Children’s Eye Health Month
Since August has arrived and a new school year is about to begin, an eye examination should be part of your back to school check list. As part of Child Eye Health and Safety Month, in addition to immunizations and school orientations, it is highly recommended your child receive an eye examination before going back to school. The inability to see clearly affects not only academic performance but also althletics and self-esteem. Start the new school year out right by making sure that your student is seeing clearly!
Eye exams for children are extremely important, because 5 to 10 percent of preschoolers and 25 percent of school-aged children have vision problems. Early identification of a child’s vision problem can be crucial because children often are more responsive to treatment when problems are diagnosed early. According to the American Optometric Association (AOA), infants should have their first comprehensive eye exam at 6 months of age. Children then should have additional eye exams at age 3, and just before they enter the first grade — at about age 5 or 6. For school-aged children, the AOA recommends an eye exam every two years if no vision correction is required.
Common signs of vision troubles in children include: frequently rubbing eyes, squinting, tilting or turning head to look at objects, wandering eyes, or squeezing eyes. If you’re child displays any of these symptoms, please schedule an appointment to have their eyes checked. Amblyopia (lazy eye), Strabismus (crossed eyes), color deficiency (color blindness), and refractive errors (nearsightedness, farsightedness, and astigmatism) are the most common conditions that can affect a child’s vision. Many of these conditions, if diagnosed early, can be treated and vision can be restored. If the condition is not diagnosed until later in life, treatment will not be as effective.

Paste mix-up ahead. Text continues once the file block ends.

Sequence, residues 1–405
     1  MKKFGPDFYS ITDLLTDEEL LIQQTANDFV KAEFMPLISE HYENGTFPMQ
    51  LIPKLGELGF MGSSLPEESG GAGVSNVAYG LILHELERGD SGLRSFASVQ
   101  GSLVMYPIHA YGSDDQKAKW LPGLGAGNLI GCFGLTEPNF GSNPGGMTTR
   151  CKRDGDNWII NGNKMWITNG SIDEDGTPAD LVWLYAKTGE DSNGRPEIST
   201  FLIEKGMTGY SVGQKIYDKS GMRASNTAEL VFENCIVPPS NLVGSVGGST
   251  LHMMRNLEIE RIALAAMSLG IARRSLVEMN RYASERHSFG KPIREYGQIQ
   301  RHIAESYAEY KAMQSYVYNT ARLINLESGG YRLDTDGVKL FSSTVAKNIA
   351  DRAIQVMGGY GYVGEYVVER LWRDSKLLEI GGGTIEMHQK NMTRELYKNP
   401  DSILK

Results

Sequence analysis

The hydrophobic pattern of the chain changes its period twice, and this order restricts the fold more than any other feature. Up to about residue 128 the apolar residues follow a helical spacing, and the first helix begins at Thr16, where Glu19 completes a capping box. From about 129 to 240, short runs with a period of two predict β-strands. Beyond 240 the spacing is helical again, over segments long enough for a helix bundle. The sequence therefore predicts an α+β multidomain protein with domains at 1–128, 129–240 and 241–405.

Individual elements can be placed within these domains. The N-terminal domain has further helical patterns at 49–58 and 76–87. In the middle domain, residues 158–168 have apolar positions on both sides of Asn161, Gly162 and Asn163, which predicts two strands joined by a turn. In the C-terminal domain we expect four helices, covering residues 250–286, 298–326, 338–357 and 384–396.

If your child needs glasses, there are a few tips to keep in mind. Younger children should have plastic frames for safety. All children should wear lenses made of impact-resistant plastic. To ensure safety, many states regulate what materials may be used in children’s glasses. An optician with experience in fitting children’s glasses can help your child choose frames and lenses that are stylish and safe. If possible, let your child choose her own frames.
Aside from keeping a watchful eye for some of the warning signs, protect your child from eye injuries by ensuring your children’s toys are age-appropriate and not a danger to their eyes. Check if your child’s toys or stuff are free of sharp or protruding parts that could accidently poke the eyes. Fireworks are also detrimental to your child’s safety, as it can cause blindness if not handled correctly.
It’s your responsibility as a parent to know how you can keep your child’s vision healthy and obtain early diagnosis in case your child is suffering from vision problems through a regular eye exam. Also, be aware that eye injuries can happen anytime, anywhere. Eye injuries are often caused by sports or physical activities, so know proper precautions such as wearing protective eyewear when playing sports.